The hot oven has bottom heat so tends not to brown the tops of dishes – I need to learn to move them down into the bottom oven for finishing as the heat from the top oven is directed downward to heat the bottom oven, which actually runs a little cooler but with the shelf set high can function as a kind of grill. The Aga is also an effective cat warmer, as Teddy discovered only yesterday – since when it has been hard to unglue him from the top! Safety measures will have to be implemented.
Mr L has ordered an Aga toaster – a ludicrously simple, effective and expensive device. I remember well how wonderful home made bread is when toasted on the Aga hob and I can’t wait for it to arrive. The next thing that we need is a hob top kettle but these can be awfully pricey and we may well have to wait for next month before we can have that.
So – one redundant electric toaster, one redundant electric kettle and one redundant electric slow cooker; abandoning the use of all of these will help to offset some running costs. The oil that we are not using to heat the kitchen, likewise. I hope and trust that all will be well.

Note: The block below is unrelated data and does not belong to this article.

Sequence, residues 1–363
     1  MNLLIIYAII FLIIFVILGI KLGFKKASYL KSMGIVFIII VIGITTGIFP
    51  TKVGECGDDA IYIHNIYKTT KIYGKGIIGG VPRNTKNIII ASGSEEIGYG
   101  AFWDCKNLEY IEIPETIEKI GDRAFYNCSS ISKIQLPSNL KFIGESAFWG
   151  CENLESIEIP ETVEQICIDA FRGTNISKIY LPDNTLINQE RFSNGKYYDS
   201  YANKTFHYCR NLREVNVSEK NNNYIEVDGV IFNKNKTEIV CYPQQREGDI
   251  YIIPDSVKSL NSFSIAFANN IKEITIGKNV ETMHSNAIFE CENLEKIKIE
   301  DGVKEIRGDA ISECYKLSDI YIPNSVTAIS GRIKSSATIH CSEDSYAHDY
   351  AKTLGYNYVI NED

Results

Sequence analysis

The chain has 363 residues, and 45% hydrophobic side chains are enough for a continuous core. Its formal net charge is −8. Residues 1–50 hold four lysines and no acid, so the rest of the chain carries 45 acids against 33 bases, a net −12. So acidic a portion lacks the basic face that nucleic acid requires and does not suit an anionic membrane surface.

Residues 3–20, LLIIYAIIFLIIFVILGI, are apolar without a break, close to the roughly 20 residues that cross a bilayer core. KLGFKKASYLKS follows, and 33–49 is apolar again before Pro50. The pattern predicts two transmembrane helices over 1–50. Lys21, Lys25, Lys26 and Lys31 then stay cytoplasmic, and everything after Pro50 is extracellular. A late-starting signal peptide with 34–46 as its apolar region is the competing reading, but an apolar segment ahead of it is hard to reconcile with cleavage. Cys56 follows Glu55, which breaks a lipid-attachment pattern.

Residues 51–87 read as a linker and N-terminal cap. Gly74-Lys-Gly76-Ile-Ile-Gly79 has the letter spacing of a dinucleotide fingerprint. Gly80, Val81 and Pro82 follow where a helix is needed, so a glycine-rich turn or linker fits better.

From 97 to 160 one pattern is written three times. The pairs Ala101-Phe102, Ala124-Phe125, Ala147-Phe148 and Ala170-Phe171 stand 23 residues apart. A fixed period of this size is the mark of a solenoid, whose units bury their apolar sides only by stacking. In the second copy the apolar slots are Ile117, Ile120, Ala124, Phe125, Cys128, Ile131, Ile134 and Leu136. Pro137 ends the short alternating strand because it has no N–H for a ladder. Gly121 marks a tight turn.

One thing’s for sure, there’s nowt left in the coffers now 🙂
Knit Crochet Blog Week has been consuming vast amounts of my time. I have particularly enjoyed the photography, though am massively challenged by a lack of space and overall tidiness.
I did think yesterday that I might have cracked the space and tidiness issues when I went to look at a caravan studio conversion – but I don’t think that is going to come off. Yes, forget the She Shed – think Her Van instead.
You would not think that in a house the size of ours there would be space issues, would you? Yet there are. Probably due to the fact that both of us have so many interests – it generates a need for space to place the Necessary Stuff. The fact that we need to use one room as a permanent office space does not help. I wonder if we will rethink that particular space once Mr L is wholly retired.